ANAHEIM -- Though the Rays' offense continued to sputter, it was effective enough to give Matt Moore the run support he needed to make a successful return to the rotation in a 7-1 win over the Angels on Tuesday night at Angel Stadium.
The win snapped the Rays' five-game losing streak, moving the team to 1-4 on the 10-game road trip to the West Coast. While the Rays still trail the first-place Red Sox by 5 1/2 games in the American League East, they held on to their position for the second AL Wild Card, maintaining their 2 1/2-game advantage over the Yankees while expanding their lead over the Orioles to three games.
Moore had not made a Major League start since going on the disabled list with a sore left elbow after his July 28 outing against the Yankees. During his absence, the Rays went 13-18, so his return was welcomed.
And Moore did not disappoint, allowing no earned runs in 5 1/3 innings before handing the ball over to Roberto Hernandez with a 6-1 lead and a runner on first.
"That was the plan obviously," Moore said. "They don't always go accordingly. I think all the hard work that the training staff and we all put in to get my arm to feel the way it needs to feel for me to get out there [paid off]. It feels good to get to this place where we're winning ballgames with it."
Moore was credited with the win, moving him to 15-3 on the season. Hernandez pitched the final 3 2/3 innings flawlessly to pick up the first Major League save of his career.
"[Moore] was a little erratic early," Angels manager Mike Scioscia said. "I thought we did a good job of being patient early in the game and had his pitch count up. We had some opportunities to score some runs, but when push came to shove, he was able to throw some good changeups. ... He has good stuff, it's just a matter of when he makes a mistake you want to hit it, and we didn't quite get it tonight."
Hernandez struck out seven of the 11 batters he faced.
"He just threw a little sinker and a little changeup and struck out seven out of 11, so obviously he did a good job," Scioscia said.
Tampa Bay entered Tuesday night's game having scored just seven runs in four games on the road trip, thus, saying that the Rays' offense sputtered on a night when they finally scored some runs might seem inaccurate. But the offense in fact sputtered through several potential big innings, minimizing the damage rather than maximizing on opportunities.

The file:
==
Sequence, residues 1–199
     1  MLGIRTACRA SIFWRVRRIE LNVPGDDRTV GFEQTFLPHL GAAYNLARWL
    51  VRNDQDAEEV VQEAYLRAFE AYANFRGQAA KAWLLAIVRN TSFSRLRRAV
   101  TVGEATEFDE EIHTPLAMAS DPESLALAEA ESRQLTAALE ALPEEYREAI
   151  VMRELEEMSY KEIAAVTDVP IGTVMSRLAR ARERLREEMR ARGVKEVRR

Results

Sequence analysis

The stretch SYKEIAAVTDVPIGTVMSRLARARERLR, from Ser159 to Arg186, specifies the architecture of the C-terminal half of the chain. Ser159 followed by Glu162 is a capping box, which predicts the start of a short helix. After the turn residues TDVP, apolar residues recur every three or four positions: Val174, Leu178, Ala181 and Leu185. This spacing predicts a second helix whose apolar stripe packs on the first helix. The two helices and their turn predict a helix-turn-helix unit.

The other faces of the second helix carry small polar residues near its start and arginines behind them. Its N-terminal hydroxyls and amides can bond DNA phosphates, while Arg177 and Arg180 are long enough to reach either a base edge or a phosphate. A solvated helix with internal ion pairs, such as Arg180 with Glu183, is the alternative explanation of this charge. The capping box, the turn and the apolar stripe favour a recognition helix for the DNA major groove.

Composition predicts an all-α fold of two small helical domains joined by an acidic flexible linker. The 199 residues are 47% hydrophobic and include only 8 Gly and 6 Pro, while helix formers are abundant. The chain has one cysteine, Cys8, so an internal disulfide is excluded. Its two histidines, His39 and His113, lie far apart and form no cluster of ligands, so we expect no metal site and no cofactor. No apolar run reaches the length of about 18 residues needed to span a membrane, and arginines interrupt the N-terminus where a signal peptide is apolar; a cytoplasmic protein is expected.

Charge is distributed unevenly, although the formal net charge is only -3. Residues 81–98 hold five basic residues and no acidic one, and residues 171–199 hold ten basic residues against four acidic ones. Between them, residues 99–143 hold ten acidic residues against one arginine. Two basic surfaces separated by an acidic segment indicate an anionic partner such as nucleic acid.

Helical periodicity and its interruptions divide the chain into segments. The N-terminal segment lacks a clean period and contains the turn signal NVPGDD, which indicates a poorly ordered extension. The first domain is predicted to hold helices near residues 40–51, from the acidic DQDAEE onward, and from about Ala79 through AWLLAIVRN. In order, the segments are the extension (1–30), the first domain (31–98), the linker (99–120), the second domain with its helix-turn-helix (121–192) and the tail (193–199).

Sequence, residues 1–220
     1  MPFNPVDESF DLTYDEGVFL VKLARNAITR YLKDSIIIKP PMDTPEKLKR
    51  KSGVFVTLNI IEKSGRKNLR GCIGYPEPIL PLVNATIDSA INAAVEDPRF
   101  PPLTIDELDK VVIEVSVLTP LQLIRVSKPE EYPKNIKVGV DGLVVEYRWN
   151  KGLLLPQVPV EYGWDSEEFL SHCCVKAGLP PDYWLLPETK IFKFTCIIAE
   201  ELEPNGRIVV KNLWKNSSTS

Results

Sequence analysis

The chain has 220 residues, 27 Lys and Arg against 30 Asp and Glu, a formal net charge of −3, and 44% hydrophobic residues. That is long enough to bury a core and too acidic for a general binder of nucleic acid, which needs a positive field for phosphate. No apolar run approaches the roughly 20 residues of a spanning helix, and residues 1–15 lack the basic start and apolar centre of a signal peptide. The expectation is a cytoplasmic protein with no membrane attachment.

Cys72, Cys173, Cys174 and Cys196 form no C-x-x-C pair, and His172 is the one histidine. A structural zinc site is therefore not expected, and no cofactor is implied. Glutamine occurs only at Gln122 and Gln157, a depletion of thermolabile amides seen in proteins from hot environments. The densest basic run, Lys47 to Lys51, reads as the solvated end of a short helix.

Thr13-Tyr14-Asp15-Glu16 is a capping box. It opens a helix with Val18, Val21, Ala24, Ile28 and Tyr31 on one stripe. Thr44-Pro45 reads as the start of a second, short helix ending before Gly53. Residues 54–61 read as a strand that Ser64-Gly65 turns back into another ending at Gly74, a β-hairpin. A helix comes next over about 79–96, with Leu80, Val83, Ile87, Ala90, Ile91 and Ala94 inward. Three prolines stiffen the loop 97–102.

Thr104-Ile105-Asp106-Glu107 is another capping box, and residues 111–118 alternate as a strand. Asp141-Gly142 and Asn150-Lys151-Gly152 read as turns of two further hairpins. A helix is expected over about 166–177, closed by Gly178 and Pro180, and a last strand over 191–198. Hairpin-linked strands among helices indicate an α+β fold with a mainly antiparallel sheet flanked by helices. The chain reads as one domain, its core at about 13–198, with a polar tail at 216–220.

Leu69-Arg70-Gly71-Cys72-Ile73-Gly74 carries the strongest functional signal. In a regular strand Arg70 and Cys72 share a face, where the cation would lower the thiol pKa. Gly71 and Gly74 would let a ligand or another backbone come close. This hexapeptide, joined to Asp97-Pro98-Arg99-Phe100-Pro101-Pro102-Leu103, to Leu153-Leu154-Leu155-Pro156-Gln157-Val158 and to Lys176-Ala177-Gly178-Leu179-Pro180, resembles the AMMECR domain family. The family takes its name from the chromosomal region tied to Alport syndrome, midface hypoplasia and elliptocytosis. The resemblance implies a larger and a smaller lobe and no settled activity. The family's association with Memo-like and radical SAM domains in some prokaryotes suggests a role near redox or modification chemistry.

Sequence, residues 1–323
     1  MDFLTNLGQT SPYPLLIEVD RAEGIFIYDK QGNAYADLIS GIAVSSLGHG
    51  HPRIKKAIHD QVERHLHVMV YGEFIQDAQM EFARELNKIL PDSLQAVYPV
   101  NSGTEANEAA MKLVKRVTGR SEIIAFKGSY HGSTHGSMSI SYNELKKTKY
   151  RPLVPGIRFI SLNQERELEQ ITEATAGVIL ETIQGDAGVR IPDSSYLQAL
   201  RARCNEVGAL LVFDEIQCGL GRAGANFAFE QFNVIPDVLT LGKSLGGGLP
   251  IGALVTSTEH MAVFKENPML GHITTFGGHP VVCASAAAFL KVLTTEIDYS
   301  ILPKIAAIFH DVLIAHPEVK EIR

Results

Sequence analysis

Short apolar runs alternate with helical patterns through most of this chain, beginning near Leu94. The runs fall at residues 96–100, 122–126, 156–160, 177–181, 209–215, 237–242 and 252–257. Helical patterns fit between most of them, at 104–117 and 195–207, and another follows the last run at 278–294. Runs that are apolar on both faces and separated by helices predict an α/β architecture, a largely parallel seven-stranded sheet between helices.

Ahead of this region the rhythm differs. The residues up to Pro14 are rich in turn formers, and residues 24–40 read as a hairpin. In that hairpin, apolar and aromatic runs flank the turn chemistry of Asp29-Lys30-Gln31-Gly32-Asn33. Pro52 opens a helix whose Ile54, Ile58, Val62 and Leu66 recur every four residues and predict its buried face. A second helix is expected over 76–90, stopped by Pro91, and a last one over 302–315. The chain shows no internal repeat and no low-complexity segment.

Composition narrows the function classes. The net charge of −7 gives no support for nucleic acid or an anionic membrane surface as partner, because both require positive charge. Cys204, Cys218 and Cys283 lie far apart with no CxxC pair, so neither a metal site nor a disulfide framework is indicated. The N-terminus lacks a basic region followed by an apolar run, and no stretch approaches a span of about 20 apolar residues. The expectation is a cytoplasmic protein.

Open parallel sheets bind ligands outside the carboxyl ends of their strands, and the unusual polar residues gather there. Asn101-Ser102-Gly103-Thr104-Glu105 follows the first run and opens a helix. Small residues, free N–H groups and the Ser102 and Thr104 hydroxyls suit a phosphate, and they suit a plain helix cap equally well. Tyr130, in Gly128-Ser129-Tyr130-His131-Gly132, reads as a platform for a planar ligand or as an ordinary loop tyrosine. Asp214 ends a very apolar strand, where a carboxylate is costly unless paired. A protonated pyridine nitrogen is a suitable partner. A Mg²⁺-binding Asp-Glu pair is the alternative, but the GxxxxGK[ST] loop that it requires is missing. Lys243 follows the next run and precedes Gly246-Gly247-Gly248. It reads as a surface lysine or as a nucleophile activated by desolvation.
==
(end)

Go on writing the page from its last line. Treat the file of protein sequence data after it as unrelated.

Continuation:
Jason Vargas started for the Angels, which looked like trouble for the Rays based on what the left-hander did against them at Tropicana Field on Thursday, when he held the Rays scoreless on two hits through seven innings in a 2-0 win.
Vargas got in trouble early when James Loney singled to start the second and Wil Myers followed with a double to left to put runners in scoring position. Loney then scored on Kelly Johnson's groundout, but Vargas ended the threat by striking out Jose Lobaton and Yunel Escobar, sending a "here we go again" to the visiting dugout.
Desmond Jennings led off the next inning with his 12th home run of the season. Ben Zobrist and Evan Longoria followed with walks and Delmon Young singled to load the bases with no outs.
But once again, the Rays' offense appeared to flood the engine.
The Rays had grounded into at least one double play in 12 of their previous 13 games, so nobody on the Rays' side could have been surprised when Loney grounded into a 5-2-3 double play for the first two outs of the third. Myers then struck out to end the threat.
Credit the Rays for continuing to grind and eventually the big hit came when Zobrist stroked his 33rd double of the season with two outs in the fourth to drive home two for a 4-1 lead.
"We left way too many people on," Rays manager Joe Maddon said. "With Vargas, I thought we did a nice job of trying to beat him down by not expanding our strike zone, which we're normally pretty good at. But again, it goes back to Zobrist's hit. Zobrist's hit permitted all of that to happen. Otherwise, Vargas probably would have settled down pretty well."
The Rays would score three more runs on the evening, even though they finished 3-for-20 with runners in scoring position.
"Yeah, I mean, again, there is such a thing as good and bad baseball luck," Maddon said. "The thing kind of evens out at some point. So I'll take that tonight in spite of our frustration with runners in scoring position. But the at-bats were good. The contact was better. And eventually it's going to shift back to us."
The bottom line Tuesday night was that the Rays scored enough runs to win.
"Seven runs are good for us right now," Jennings said. "We got them in when we needed to. And Matt did a great job. Roberto came in and did a good job. We'll take it."
Bill Chastain is a reporter for MLB.com. This story was not subject to the approval of Major League Baseball or its clubs.